Wilson & Wagner are signed; who else can Hawks keep?

Wilson signing contractWith Russell Wilson and Bobby Wagner signed, the Seahawks can check off their two biggest 2016 free agents.

But what does it mean for the others?

The official numbers for Wagner’s deal are in, and the Hawks are looking at about $14 million in space under a projected $150 million salary cap next year.

With Wilson and Wagner signed and Tony McDaniel released, their key UFAs in 2016 — barring any other extensions — will be Russell Okung, J.R. Sweezy, Bruce Irvin, Brandon Mebane, Ahtyba Rubin, Jermaine Kearse and Jon Ryan. They can’t keep all of those guys for $14 million.

“It is so challenging to do this,” Pete Carroll said, “and particularly as it (the salary cap) changes and you don’t know and you have to predict. … This is a big year now (for Seattle free agents); we don’t know what’s going to happen with the cap. We’ll wait and see.”

Ryan won’t cost more than $2 million per year, and Sweezy should be easy at $4 million per year. Mebane could be re-signed to perhaps a two-year extension — they have to keep him or Rubin or else find another veteran run-stopping D-tackle (can’t depend on the draft).

After those fairly cheap moves, the Hawks would find it tough to keep Okung and Irvin, who both figure to want at least $8 million a year, and they would have to make more room just to re-sign some of their top backups.

They could create some cap space by redoing Jimmy Graham’s deal. He is due $19 million in 2016 ($9 million) and 2017 ($10 million), and they could convert salary to signing bonus while extending him for 2-3 years beyond that.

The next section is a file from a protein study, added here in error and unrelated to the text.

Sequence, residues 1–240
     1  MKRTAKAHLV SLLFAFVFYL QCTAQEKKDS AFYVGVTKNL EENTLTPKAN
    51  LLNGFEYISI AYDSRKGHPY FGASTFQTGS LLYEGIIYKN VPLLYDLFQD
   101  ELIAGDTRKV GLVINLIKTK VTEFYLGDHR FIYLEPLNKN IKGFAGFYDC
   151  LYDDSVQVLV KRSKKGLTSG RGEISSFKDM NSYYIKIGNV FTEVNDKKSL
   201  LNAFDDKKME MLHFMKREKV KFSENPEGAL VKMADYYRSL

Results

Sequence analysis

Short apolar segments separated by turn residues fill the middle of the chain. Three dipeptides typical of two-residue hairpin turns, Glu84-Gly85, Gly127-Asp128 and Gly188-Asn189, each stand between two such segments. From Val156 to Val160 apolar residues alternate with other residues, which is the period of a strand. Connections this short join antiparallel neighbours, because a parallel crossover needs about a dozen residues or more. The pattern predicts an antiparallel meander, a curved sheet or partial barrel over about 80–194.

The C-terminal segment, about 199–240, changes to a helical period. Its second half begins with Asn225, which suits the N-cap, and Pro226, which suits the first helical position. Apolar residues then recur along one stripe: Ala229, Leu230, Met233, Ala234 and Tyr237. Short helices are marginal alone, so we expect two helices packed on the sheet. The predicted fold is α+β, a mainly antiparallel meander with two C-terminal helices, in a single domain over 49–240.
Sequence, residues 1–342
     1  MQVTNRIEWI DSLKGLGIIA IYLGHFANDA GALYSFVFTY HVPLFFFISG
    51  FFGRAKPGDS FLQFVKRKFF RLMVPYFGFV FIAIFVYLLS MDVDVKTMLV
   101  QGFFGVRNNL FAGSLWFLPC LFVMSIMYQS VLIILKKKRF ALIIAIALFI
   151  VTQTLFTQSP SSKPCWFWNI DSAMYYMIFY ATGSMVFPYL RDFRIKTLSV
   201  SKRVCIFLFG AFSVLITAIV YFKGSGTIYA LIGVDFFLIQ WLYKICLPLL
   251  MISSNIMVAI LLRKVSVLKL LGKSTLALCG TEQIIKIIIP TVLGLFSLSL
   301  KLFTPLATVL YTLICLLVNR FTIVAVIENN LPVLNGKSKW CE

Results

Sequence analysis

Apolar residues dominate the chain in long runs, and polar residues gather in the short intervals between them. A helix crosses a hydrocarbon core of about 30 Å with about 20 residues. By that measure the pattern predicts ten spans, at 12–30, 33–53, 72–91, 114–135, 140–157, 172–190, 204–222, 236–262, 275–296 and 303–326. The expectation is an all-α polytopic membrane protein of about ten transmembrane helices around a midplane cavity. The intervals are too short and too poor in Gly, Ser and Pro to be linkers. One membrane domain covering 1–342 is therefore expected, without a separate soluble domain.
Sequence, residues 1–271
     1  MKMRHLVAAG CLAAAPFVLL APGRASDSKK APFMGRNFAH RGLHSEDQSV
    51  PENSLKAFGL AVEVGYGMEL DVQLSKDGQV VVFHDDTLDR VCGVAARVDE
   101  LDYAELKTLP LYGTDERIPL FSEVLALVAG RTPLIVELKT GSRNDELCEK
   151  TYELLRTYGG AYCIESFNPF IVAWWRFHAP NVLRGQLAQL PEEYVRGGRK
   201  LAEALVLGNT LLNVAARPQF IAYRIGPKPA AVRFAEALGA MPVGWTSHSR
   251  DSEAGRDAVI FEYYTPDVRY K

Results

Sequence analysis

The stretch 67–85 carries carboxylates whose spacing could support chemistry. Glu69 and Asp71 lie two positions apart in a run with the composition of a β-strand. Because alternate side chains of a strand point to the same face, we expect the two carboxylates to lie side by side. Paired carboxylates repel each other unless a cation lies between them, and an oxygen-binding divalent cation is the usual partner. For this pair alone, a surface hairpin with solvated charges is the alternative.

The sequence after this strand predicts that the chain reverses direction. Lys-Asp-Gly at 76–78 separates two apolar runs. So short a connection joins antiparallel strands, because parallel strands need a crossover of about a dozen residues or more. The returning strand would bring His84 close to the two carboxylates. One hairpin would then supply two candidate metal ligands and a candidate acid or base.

The Seahawks also will have to see what Marshawn Lynch does. If he retires, the Hawks would recoup $6.5 million — but have a huge hole in their backfield.

If Cary Williams doesn’t work out and the Hawks are confident in their younger corners, they could release the veteran and regain $3.83 million. They also could drop Steven Hauschka for a cheaper kicker and net $2.7 million.

They also could restructure Richard Sherman’s deal or Earl Thomas’ contract, although John Schneider and Matt Thomas surely set those deals up knowing they were going to have to fit other deals under them.

“It’s really been a master plan with a long vision,” Carroll said. “John got it orchestrated and started a long time ago. Really went all the way back to Marshawn (in 2012); that was really the first move we had to make to start the thing in motion. And we just kept pecking away at guys.

“You can see there’s some difficulty in it. Some guys got their deals a few years ago and they’re looking at it now and it doesn’t seem the same to them,” Carroll said, referencing the dissatisfaction of Kam Chancellor and Michael Bennett — guys who probably will have to be dealt with next offseason as well.

The Hawks could very well give those players new extensions and perhaps afford Okung (or Irvin). The Hawks have replacements for Irvin already, but they don’t have a sure-thing heir to Okung yet. This season will determine the Hawks’ opinions on many of their 2016 free agents.

Whatever happens next offseason, the Hawks now have their quarterback and eight top defenders all signed through at least 2017 — which will give them a great chance to remain strong Super Bowl contenders for at least the next three seasons.

“We have said that we want to keep this core of players together,” said Carroll, who is signed through just 2016. “We’ve recognized the value and the importance that they have to us for some time. So, as the stages have offered the opportunities for these guys to be signed, we’ve been able to get it done. With that come difficult decisions, really hard decisions. It’s just the nature of the business.”

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